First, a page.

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Author Notes: In wintertime, I often think of two things to keep my spirits up; Paris in the Spring and ocean trips yet-to-be-taken. These French-style cookies shaped like seashells are the best tangible manifestation of where I’d rather be when it’s January, and things such as breezy street awnings and hot sand are as far away as May seems to be.
This recipe was inspired by a similar version from Dorie Greenspan. I turned the orange into a star ingredient by substituting orange blossom honey for the regular kind and using orange extract instead of vanilla. I simplified some of the original steps and also doubled the recipe as best I could, because a) zesting only half an orange seemed a waste of a perfectly beautiful fruit and b) I’ve never met anyone who felt only 12 madeleines was ever quite enough.
Makes 24 large madeleines
- 1+1/2 cups all-purpose flour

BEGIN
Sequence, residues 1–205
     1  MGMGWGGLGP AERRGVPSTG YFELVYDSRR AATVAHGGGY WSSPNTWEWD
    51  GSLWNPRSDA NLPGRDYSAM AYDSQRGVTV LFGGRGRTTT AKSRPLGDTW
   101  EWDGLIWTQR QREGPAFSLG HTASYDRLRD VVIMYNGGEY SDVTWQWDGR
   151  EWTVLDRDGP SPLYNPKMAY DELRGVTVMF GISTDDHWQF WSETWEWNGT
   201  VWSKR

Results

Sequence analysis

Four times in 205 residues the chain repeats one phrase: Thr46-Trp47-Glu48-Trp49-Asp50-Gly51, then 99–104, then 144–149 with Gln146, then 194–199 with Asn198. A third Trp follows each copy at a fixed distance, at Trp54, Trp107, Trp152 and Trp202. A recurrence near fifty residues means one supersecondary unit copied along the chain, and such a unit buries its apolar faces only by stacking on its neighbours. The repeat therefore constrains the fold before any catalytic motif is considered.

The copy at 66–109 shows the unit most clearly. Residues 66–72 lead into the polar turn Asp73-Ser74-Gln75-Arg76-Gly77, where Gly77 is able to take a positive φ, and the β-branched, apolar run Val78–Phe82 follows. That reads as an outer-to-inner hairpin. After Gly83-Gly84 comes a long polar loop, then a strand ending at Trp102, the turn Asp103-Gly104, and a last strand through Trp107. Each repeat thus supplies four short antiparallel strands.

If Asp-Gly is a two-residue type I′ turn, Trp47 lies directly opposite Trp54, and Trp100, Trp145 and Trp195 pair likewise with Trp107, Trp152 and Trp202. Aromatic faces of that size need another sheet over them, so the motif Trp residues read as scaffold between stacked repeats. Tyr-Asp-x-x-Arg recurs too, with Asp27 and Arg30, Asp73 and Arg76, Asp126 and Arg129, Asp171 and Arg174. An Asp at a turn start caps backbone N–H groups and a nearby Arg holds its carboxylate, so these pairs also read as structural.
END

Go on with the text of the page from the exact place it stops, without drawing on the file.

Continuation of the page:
- 1 teaspoon baking powder
- 1 teaspoon ground ginger
- 1/2 teaspoon cinnamon
- 1/4 teaspoon ground cloves
- 1/8 teaspoon salt
- 1 pinch ground black pepper
- 2/3 cup granulated sugar
- zest of one orange
- 4 large eggs
- 4 tablespoons orange blossom honey
- 2 teaspoons pure orange extract
- 6 ounces unsalted butter (1+1/2 sticks), melted and cooled
- powdered sugar for dusting
- Preheat the oven to 400 degrees. Butter two madeleine mold pans (the 12 mold ones).
- Using a wire whisk, combine the flour, baking powder, ginger, cinnamon, cloves, salt, and pepper in a bowl and set aside.
- Using an electric mixer with the wire attachment, beat the granulated sugar, orange zest, and the eggs on medium speed until thickened, 3-4 minutes. Add the honey and orange extract and continue beating on medium speed an additional minute.
- Using a rubber spatula or wooden spoon, gently fold all of the dry ingredients into the batter. Add the melted butter and continue to fold until the batter is smooth.
- Spoon the batter into the molds and bake for about 11 minutes or until the madeleines are golden.
- Immediately transfer the madeleines to a wire rack to cool ever so slightly (they are best eaten warm – just ask Marcel Proust) and dust with powdered sugar.
- This recipe was entered in the contest for Your Best Citrus Recipe
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